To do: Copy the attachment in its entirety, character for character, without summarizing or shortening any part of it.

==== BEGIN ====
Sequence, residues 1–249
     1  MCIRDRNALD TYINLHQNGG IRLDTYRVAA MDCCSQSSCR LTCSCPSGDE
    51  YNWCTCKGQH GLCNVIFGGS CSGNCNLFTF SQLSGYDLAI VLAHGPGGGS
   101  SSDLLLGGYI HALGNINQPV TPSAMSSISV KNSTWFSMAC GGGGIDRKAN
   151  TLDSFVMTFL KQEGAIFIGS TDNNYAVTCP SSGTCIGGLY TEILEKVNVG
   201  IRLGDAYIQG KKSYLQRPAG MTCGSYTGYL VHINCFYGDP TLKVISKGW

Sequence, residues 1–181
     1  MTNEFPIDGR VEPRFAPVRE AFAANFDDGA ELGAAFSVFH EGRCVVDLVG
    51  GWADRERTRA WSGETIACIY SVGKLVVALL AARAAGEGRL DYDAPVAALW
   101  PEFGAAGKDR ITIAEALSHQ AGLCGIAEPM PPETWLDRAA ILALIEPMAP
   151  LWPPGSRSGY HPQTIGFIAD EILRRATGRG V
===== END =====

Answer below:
Sequence, residues 1–249
     1  MCIRDRNALD TYINLHQNGG IRLDTYRVAA MDCCSQSSCR LTCSCPSGDE
    51  YNWCTCKGQH GLCNVIFGGS CSGNCNLFTF SQLSGYDLAI VLAHGPGGGS
   101  SSDLLLGGYI HALGNINQPV TPSAMSSISV KNSTWFSMAC GGGGIDRKAN
   151  TLDSFVMTFL KQEGAIFIGS TDNNYAVTCP SSGTCIGGLY TEILEKVNVG
   201  IRLGDAYIQG KKSYLQRPAG MTCGSYTGYL VHINCFYGDP TLKVISKGW

Sequence, residues 1–181
     1  MTNEFPIDGR VEPRFAPVRE AFAANFDDGA ELGAAFSVFH EGRCVVDLVG
    51  GWADRERTRA WSGETIACIY SVGKLVVALL AARAAGEGRL DYDAPVAALW
   101  PEFGAAGKDR ITIAEALSHQ AGLCGIAEPM PPETWLDRAA ILALIEPMAP
   151  LWPPGSRSGY HPQTIGFIAD EILRRATGRG V